Regents approve tuition increases at Wichita State, other universities

06/18/2014 4:14 PM

06/19/2014 7:01 AM

Tuition and fee increases at Wichita State University and the state’s other regents universities won unanimous approval from the Kansas Board of Regents on Wednesday.

Wichita State’s tuition will increase by 4.4 percent and fees will increase by 7 percent for full-time undergraduate students who are Kansas residents. That amounts to an extra $169.75 per semester, increasing the cost to $3,663 total for a student taking 15 hours.

This comes on the heels of an 8 percent tuition increase the previous year for the university.

John Bardo, president of Wichita State, said that the increase was needed to attract and retain top faculty members. He also said the university has been increasing services for students.

“What we’re trying to do is make sure that you get the very best education at a fair price,” Bardo said. “At the same time, we’re not going to sacrifice quality, because we can do it for $20 cheaper if we sacrifice quality. That gives you nothing.”

Bardo said the university’s focus on engineering and healthcare also increases costs.

“People need to understand, it’s not just that we’re offering the same thing at a higher cost. We’re offering different things and they cost more,” Bardo said. “And everyone else in the world wants those same people, so you’re in a marketplace that’s very expensive.”

“In the end, there is a cost to having quality,” he added.

Students were involved in the tuition increase process, said Matt Conklin, WSU’s student body president.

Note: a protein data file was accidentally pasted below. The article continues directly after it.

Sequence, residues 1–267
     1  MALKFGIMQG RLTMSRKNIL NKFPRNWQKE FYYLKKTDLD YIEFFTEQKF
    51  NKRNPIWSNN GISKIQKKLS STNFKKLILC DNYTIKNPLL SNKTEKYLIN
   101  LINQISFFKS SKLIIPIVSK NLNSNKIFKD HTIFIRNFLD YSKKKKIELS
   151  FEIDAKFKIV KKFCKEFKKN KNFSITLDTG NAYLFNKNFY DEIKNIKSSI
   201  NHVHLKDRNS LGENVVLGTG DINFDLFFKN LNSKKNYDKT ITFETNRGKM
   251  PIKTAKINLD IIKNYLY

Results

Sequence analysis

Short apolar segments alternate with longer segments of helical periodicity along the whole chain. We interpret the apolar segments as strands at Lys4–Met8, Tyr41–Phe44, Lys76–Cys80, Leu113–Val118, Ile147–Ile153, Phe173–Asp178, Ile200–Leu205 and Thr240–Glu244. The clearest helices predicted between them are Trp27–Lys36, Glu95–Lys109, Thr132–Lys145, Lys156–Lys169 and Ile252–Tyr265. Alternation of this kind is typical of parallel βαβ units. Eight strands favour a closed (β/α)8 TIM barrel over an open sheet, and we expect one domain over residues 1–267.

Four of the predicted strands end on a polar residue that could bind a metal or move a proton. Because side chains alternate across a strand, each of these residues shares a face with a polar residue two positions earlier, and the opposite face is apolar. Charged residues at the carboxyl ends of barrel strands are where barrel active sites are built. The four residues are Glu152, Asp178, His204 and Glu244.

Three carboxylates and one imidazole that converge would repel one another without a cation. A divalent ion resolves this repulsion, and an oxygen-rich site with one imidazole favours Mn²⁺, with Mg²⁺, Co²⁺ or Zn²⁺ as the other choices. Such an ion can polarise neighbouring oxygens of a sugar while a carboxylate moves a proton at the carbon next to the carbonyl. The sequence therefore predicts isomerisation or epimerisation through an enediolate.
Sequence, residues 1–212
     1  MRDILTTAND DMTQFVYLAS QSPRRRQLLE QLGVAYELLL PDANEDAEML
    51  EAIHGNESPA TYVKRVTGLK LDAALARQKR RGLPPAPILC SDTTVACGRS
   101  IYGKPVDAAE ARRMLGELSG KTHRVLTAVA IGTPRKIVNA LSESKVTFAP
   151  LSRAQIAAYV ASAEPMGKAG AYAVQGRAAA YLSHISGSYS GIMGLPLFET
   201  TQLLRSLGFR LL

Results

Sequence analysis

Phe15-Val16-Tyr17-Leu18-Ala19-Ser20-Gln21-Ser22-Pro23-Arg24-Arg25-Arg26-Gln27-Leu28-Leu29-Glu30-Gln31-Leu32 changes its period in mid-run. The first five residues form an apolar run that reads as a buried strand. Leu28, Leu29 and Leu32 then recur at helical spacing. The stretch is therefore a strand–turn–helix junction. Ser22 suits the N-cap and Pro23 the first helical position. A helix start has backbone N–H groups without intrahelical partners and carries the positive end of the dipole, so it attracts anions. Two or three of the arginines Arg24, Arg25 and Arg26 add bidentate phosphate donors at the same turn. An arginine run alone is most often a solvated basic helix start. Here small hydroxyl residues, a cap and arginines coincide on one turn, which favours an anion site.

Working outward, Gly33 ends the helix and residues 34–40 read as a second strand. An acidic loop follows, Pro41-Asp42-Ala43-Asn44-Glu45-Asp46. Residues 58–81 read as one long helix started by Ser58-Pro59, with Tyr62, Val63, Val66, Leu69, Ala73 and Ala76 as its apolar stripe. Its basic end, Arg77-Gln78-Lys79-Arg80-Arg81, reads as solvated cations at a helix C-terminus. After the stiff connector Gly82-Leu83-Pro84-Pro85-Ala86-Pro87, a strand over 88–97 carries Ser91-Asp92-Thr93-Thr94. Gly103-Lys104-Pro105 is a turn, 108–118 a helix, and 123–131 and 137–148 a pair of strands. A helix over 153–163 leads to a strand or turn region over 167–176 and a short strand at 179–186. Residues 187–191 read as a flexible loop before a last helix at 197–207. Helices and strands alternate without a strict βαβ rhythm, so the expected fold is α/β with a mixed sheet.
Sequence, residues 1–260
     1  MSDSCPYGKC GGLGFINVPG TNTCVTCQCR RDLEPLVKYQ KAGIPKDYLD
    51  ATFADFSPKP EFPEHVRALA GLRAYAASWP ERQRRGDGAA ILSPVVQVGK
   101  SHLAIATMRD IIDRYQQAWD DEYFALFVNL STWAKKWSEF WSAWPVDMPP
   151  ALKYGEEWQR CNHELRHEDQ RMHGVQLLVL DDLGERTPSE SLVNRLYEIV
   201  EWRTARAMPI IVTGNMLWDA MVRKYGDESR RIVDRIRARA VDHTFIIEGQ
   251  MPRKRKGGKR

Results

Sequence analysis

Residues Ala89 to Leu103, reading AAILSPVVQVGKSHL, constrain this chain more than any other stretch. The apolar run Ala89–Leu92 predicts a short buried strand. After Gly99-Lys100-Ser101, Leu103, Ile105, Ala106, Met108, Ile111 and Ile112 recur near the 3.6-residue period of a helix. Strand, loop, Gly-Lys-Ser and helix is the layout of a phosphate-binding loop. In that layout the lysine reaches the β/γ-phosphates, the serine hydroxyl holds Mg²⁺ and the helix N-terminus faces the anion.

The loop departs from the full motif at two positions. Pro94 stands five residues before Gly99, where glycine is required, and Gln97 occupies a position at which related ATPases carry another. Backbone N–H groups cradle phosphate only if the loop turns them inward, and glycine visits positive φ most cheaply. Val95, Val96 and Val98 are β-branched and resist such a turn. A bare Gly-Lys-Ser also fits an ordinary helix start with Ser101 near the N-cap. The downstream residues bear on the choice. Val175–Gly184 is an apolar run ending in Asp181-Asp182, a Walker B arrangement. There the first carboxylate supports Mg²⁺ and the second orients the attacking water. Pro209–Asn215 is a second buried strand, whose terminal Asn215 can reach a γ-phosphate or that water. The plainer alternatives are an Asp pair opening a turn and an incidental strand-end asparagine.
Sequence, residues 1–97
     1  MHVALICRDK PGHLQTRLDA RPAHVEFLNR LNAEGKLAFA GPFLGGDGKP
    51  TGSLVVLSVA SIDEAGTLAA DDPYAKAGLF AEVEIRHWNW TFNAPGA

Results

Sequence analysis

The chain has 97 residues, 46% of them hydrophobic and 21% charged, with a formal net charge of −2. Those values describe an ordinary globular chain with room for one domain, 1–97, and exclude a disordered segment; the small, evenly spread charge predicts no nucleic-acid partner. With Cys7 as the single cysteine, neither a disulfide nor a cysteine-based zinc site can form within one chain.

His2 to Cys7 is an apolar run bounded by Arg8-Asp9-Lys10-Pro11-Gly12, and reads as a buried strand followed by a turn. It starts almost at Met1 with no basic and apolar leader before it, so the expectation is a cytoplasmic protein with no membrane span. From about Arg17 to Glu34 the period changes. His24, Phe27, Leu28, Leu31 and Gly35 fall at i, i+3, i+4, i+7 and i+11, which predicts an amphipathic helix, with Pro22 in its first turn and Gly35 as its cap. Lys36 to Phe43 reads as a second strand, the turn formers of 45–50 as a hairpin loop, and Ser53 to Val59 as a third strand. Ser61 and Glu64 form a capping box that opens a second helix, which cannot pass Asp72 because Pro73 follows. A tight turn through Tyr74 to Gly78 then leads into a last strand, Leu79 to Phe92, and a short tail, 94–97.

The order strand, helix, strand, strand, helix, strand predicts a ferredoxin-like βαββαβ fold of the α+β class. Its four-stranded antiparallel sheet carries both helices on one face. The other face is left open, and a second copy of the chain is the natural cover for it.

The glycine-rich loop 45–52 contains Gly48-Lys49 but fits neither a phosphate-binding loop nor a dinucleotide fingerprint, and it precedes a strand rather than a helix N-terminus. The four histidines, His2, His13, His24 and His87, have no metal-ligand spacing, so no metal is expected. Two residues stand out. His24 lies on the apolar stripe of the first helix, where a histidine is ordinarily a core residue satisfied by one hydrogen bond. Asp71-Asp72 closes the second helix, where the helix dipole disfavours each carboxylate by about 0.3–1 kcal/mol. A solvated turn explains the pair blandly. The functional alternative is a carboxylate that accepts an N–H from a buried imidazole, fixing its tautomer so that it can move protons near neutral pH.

“I think an increase will always have an impact. But then again, it’s all part of moving the university forward,” said Conklin, who will graduate next year with a dual major in economics and history.

Fred Logan, chair of the board of regents, noted that this year’s overall tuition increase for the six regents universities was the smallest since 2001.

But another board member, Tim Emert, bristled at increasing the cost again.

“I’m going to vote for this, and kind of hold my nose when I do it, because I realize what a wonderful job these universities have done to keep these tuition increases at the level that they are,” Emert said. “But we continue to put the burden on parents, and students and student debt.”

Emert, who was appointed to the board by former Gov. Mark Parkinson, then blamed the Legislature for the tuition increase and said that state funding should increase to keep universities competitive.

Kenny Wilk, the board’s vice chair, said that the universities have had stable funding from the state. “We anticipate that continuing,” he said.

But Wilk said increasing tuitions and fees still was necessary to improve the universities’ competitiveness. “No one takes this lightly. It is a tough vote. It is a vote that you have look at today, but you have to look at tomorrow, too, what is in the best interest of our kids.”

The University of Kansas will increase tuition by 4.9 percent. That will be an extra $293.55 per semester for undergraduate students from Kansas taking 15 hours and another $764.90 for students from out of state.

Bernadette Gray-Little, KU’s chancellor, said the money will go toward making faculty pay more competitive.

“It’s always a balancing act, where we are taking into account what are the things we need to do and what are the expenses for our students and their families,” Gray-Little said.

Kansas State University increased tuition by 5 percent and fees by 7.4 percent, resulting in a total of $224.50 more per semester for a student from Kansas taking 15 hours.

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